Historical objects

Building

121 Cimitiere Street, Launceston 
Upper left:
Australia became self-sufficient through manufacturing during the late 1800s, no longer relying completely on ship deliveries for goods. The Johnstone and Wilmot building still has the original mill, used for manufacturing grains, in the building’s attic. 

Lower left:
During the refurbishment of the building, a small attic space above the Tin Room was recarpeted. A pattern which is sympathetic to the historic nature of the building was chosen. This space is currently not open to the public and is used by staff. 

Upper right:
It was important for dAda mUse to retain the Tin Room in the warehouse section of the building, which has been converted into the art museum. Tin is a silvery-white metal that is airtight. It has been used for creating barriers through history, including the use of containers to keep food items fresher. The Tin Room in the Johnstone and Wilmot building was created to store high quality and expensive goods for sale. The metal walls, ceiling, and floor created a cooler environment and protected items from rat or mice infestation. Johnstone and Wilmot stored goods including tobacco, chocolate, and high-end grain products in the room.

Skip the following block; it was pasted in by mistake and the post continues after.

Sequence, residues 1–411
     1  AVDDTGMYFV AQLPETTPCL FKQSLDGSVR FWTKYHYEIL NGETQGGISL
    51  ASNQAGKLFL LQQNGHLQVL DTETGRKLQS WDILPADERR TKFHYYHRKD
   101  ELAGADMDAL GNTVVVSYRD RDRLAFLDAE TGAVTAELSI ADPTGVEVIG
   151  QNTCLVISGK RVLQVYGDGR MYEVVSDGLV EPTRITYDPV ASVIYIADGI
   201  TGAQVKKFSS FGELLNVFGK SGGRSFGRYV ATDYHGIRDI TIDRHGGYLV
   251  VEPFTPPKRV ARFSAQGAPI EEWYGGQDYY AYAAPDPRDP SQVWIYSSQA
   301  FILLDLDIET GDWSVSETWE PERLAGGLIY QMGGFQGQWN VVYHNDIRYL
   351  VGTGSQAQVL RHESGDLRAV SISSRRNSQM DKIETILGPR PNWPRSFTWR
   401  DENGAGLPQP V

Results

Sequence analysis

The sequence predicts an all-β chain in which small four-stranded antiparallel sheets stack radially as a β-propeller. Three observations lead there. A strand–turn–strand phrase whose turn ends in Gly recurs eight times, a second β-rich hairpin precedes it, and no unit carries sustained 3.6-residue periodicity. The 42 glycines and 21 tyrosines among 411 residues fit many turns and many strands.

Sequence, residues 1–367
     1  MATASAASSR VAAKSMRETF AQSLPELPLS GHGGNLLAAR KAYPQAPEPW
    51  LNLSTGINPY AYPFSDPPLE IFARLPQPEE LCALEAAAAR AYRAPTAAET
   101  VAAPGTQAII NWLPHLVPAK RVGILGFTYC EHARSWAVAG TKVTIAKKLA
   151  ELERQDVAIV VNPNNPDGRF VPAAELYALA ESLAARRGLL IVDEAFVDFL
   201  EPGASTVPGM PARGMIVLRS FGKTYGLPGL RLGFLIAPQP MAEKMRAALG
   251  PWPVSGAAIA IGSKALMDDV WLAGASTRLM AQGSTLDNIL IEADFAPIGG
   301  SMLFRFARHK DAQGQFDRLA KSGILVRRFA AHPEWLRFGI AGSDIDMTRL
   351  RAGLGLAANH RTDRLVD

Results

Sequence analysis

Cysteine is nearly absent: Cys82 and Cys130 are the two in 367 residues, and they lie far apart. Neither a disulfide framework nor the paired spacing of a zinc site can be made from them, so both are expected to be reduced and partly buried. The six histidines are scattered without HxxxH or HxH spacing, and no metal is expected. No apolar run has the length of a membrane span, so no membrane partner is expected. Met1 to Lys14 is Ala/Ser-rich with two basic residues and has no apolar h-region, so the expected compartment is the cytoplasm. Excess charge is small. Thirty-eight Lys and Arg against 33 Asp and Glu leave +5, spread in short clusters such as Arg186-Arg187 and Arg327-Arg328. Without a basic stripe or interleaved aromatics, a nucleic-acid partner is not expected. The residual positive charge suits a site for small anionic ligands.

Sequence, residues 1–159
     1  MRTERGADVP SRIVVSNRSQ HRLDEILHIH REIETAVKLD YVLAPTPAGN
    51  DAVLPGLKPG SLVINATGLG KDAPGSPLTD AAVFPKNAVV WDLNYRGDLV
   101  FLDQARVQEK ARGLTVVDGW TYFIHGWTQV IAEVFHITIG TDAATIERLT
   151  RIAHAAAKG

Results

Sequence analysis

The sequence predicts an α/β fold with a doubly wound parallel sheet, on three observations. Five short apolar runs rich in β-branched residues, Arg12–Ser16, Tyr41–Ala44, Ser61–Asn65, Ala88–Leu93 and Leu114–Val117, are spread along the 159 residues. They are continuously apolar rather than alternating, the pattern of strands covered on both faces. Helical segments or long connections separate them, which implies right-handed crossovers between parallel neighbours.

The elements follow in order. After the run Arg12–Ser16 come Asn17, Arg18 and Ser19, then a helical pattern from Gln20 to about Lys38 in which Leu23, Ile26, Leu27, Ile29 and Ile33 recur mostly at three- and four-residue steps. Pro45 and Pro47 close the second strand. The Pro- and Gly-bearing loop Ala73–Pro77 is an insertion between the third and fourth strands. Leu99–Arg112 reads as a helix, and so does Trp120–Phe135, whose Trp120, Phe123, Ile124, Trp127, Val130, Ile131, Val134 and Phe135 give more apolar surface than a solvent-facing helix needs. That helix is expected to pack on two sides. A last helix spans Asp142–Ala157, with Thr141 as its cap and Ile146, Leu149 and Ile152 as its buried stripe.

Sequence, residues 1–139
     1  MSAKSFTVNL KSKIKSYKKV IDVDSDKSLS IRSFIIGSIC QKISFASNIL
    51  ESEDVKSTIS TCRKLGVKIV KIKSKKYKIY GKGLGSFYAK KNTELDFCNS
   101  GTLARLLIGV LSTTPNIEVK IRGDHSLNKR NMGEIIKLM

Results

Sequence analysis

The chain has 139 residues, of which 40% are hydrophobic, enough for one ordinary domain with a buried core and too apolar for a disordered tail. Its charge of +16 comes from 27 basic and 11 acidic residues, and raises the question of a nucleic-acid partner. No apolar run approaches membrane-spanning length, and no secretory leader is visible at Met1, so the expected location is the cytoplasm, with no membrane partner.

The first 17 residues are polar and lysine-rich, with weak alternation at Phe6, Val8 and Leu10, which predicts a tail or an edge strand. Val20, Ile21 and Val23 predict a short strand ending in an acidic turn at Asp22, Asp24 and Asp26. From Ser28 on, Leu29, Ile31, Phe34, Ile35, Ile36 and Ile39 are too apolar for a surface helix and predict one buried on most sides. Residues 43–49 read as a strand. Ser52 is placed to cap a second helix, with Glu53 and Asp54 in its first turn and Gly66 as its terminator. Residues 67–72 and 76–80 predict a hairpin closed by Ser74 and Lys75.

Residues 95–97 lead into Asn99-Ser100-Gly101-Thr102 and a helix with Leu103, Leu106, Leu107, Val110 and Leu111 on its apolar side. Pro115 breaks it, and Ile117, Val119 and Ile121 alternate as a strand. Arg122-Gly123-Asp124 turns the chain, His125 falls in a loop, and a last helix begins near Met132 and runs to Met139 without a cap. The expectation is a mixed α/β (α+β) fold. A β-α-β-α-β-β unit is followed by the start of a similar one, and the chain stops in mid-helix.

Lower right:
The original stone foundations of the building are still visible in the basement area of the building. The design used cut stones to form a solid footing. Limestone and sandstone were readily used in 1800s construction, with the use of lime-based mortar to adhere the stones together and create a seal. Historic stone walls often appear to look wet, but they are structurally stable and provide a strong foundation for buildings. 


Acknowledgement: Queen Victoria Museum and Art Gallery History Department for images and information about the building.